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B.C Premier Christy Clark has spent the better part of the last week apologizing for the provincial Liberals’ classified plan to win the “ethnic vote.” While the scheme had clear ethical issues by using provincial staffers for political purposes, what has garnered the most attention is the disingenuous manner in which the party hoped to get “quick wins” from minority groups. One of the ways they hoped to do this was to officially apologize for racist policies and acts from the past. And while not mentioned specifically, one of these racist policies that may have been considered was school segregation in the 1920s and 1930s.
In this episode of the History Slam I talk with Timothy Stanley, author of Contesting White Supremacy: School Segregation, Anti-Racism, and the Making of Chinese Canadians. Professor Stanley provides a unique take on the social construction of race and the power dynamics that lead to racism. We also chat about the Victoria school strike and the creation of a Chinese community in the region. The conversation also touches on the “history wars” as we debate how regional and national histories interact.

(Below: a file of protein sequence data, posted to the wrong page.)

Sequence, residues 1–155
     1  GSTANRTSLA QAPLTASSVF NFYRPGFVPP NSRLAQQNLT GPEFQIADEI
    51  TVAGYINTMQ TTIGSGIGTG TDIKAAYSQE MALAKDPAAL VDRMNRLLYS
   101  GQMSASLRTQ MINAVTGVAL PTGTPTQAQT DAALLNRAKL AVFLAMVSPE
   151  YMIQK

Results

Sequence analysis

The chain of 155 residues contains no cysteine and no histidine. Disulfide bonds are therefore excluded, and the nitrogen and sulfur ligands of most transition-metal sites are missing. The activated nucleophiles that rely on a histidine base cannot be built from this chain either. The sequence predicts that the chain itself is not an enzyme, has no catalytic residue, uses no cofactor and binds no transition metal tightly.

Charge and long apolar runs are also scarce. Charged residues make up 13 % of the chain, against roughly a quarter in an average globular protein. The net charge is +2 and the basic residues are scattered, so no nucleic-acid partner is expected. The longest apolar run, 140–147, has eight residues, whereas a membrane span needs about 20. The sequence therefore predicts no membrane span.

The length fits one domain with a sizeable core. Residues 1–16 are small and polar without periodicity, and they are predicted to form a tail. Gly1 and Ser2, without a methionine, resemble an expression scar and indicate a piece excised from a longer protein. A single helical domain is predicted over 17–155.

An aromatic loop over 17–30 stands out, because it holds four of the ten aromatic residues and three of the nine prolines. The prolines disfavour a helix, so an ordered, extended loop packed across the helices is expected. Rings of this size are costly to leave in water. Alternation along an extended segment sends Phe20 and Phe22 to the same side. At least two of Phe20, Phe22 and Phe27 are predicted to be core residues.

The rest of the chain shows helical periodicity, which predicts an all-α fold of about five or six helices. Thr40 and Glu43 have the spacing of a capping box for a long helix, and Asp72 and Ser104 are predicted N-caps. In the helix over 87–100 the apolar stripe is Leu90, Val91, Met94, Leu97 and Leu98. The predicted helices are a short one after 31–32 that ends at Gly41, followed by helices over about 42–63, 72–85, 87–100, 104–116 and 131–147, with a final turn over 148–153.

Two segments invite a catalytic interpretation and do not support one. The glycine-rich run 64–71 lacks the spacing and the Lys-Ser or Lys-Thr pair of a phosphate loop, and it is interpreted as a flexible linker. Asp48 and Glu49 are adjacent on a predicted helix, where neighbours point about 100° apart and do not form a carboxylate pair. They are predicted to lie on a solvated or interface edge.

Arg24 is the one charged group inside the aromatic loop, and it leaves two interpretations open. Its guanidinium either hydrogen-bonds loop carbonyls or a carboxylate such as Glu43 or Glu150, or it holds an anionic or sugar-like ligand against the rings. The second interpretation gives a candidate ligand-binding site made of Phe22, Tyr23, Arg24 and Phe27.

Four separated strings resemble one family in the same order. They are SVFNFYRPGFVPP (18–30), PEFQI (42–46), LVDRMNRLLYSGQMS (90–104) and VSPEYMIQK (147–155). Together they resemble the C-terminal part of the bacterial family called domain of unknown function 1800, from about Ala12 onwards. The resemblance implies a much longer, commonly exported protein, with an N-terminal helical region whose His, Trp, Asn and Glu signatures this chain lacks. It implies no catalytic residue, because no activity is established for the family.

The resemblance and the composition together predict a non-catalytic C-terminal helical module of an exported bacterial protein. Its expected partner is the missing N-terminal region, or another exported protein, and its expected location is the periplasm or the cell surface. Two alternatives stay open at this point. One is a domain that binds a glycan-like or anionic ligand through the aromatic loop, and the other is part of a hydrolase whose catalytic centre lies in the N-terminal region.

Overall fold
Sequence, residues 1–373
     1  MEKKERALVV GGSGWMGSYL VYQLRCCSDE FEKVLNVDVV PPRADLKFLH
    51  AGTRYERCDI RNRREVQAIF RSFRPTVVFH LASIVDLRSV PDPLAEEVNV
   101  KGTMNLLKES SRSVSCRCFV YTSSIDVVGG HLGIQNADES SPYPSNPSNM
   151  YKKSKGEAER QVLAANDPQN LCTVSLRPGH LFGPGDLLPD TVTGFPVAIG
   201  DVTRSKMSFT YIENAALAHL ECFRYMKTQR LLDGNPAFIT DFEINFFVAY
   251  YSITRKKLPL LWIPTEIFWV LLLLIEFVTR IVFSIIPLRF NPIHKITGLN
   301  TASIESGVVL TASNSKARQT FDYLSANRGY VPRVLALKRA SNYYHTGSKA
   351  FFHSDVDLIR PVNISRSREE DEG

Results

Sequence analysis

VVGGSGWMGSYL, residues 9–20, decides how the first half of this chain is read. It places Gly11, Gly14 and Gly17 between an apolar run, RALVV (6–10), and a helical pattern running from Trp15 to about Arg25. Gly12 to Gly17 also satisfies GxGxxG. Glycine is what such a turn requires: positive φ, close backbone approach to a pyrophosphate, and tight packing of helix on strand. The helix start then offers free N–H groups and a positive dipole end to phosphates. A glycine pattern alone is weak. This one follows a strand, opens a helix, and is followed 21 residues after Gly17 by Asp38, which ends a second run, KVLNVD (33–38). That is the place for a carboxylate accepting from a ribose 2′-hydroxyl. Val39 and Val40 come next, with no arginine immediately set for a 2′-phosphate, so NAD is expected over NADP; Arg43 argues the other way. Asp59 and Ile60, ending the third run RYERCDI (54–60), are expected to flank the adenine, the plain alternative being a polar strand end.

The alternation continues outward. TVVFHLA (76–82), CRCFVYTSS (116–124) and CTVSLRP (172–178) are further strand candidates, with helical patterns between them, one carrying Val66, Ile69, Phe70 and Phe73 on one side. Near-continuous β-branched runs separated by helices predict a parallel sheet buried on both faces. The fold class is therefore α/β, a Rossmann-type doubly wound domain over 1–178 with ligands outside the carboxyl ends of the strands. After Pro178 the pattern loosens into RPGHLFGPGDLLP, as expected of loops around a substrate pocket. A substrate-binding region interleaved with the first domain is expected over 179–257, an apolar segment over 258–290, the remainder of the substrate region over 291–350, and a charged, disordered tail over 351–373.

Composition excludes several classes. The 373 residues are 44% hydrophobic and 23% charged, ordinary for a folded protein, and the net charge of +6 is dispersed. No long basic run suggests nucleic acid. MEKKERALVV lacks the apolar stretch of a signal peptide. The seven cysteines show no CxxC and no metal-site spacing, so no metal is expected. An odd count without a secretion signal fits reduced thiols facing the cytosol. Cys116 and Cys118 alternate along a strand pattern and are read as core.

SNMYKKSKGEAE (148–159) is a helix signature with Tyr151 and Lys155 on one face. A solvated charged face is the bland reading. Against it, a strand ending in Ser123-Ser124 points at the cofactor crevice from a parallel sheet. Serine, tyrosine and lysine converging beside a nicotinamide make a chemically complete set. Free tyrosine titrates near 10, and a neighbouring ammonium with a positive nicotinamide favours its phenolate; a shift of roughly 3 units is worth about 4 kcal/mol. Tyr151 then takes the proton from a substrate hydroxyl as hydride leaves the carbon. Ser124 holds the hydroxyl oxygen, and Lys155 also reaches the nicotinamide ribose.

In addition to the podcast, be sure to check out this interview with Professor Stanley from 2011.
Sean Graham is a doctoral candidate at the University of Ottawa where he is currently working on a project that examines the early years of the Canadian Broadcasting Corporation. He has previously studied at Nipissing University, the University of the West Indies, and the University of Regina and like any red-blooded Canadian his ultimate dream is to be a curling champion while living on a diet of beer and poutine.
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